The status of old 20th Century Fox films is of particular concern to me. Now that Disney owns the studio’s output, it has withdrawn many titles from repertoire screenings, a situation well explained in this Vulture piece. Late last year, thanks to a post by Kristen Lopez of Journeys in Classic Film in which she encouraged her readers to help keep the boutique label Twilight Time in business, I realized what a great selection of Fox titles the company offers.

Twilight Time produces their releases in limited runs of 3,000 discs, so it is wise to decide on your priorities and snap up your must haves from their collection. They have lots of sales, so it’s worth checking the site on a regular basis. I purchased TT Blu-ray releases of three 20th Century Fox productions and liked what I got. They have great picture and sound and some nice special features. My choices:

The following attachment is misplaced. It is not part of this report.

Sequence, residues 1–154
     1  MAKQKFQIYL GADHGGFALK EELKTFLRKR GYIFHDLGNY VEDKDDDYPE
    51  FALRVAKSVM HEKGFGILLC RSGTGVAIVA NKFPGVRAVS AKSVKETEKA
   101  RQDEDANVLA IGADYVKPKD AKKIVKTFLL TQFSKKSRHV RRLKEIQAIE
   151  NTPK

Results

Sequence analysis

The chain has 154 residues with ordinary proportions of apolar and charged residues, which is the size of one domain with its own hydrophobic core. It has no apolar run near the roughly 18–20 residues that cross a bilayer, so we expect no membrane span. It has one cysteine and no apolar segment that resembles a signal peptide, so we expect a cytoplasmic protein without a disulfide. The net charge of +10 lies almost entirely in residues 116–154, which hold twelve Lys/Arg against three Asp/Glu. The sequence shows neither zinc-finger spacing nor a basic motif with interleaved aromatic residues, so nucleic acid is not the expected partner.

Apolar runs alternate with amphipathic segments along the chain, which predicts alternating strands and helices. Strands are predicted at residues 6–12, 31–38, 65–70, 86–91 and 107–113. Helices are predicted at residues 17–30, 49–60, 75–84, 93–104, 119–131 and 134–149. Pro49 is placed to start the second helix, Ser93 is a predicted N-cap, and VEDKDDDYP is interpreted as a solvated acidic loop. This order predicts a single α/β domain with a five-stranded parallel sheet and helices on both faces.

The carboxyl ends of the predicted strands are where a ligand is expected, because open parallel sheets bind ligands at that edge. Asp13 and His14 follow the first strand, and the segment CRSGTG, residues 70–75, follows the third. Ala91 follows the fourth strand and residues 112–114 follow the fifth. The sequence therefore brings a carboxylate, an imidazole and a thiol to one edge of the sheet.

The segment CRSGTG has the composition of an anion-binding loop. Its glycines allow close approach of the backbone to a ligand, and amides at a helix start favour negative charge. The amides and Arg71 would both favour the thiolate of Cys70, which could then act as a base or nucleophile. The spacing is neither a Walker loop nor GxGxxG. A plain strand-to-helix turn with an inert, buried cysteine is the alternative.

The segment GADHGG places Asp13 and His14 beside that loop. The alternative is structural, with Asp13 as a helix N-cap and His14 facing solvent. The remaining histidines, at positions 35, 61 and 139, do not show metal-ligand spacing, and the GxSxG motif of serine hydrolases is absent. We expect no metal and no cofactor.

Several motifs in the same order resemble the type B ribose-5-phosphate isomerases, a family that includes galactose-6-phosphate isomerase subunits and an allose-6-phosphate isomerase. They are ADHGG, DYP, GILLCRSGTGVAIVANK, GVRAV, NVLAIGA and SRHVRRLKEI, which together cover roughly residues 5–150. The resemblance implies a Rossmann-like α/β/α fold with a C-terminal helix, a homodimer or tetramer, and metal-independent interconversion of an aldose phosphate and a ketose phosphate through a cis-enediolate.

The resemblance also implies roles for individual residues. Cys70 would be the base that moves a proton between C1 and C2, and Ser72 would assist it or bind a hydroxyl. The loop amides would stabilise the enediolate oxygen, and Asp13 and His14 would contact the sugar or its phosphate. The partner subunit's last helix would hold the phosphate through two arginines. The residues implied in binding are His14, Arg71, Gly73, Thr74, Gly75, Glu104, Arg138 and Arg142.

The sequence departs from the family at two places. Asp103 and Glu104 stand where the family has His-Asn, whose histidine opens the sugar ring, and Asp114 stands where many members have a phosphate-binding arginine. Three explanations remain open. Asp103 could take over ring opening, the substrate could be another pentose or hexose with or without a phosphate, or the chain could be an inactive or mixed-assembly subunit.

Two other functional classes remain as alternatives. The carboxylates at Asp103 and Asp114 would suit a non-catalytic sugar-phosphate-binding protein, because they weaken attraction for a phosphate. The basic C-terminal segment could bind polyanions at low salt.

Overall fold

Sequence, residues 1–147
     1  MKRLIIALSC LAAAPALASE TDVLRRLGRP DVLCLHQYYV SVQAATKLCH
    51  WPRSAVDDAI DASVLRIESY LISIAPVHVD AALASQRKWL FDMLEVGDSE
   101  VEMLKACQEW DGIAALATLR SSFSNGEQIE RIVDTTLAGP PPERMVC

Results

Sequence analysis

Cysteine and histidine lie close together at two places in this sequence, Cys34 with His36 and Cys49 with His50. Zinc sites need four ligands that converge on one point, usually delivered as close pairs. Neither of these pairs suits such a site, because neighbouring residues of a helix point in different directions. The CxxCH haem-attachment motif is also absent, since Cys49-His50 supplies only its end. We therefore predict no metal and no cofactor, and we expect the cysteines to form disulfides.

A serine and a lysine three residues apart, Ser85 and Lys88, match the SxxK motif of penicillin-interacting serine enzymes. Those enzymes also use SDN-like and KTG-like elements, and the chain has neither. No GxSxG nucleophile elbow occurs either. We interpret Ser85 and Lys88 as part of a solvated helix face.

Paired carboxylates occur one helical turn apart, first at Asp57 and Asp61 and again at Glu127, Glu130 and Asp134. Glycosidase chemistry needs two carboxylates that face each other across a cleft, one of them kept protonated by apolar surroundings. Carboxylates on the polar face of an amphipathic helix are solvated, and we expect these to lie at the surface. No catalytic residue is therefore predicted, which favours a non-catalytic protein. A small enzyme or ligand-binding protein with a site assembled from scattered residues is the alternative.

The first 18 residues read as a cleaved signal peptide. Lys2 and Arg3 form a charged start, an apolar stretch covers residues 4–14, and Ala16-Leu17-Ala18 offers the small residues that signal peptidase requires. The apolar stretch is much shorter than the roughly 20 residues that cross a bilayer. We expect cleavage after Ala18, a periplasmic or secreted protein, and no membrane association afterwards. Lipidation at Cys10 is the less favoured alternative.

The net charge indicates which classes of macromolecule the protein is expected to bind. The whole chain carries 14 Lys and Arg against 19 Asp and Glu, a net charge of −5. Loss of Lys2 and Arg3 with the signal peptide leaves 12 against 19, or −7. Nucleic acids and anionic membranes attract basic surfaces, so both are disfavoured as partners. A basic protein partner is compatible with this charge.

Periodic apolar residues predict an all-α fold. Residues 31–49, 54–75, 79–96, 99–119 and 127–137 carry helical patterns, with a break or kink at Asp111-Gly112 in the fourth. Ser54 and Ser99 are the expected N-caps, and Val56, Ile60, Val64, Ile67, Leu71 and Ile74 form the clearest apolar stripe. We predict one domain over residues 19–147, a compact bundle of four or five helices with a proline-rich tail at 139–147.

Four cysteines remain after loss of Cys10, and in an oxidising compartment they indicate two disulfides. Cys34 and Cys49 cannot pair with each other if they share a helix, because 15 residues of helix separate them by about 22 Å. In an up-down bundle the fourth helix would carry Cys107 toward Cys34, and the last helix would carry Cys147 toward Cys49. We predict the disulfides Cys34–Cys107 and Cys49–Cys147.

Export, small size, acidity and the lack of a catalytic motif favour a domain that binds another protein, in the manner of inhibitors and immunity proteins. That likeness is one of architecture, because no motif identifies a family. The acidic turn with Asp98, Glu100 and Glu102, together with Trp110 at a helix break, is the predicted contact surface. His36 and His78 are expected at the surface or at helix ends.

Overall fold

Dragonwyck (1946)

This unusual film stars Gene Tierney, Vincent Price, and Walter Huston. Based on the Gothic novel by Anya Seton, it is the story of a farm girl (Tierney) who is invited to tutor the daughter of her distant cousin (Price) a wealthy patroon who is dangerously oblivious to the changing times. Dreams of wealth and luxury turn bleak as the girl loses her innocence, but acquires valuable wisdom. This was Joseph Mankiewicz’ first directing gig and it is a solid effort, especially considering that he wasn’t too thrilled about the source material. Special features: isolated music track, audio commentary with film historian Steve Haberman and documentary filmmaker Constantine Nasr, A House of Secrets: Exploring Dragonwyck, Gene Tierney: A Shattered Portrait, Vincent Price: The Versatile Villain, Two Dragonwyck Vintage Radio Shows, original theatrical trailer.

The Best of Everything (1959) [Update: unfortunately this one is now sold out.]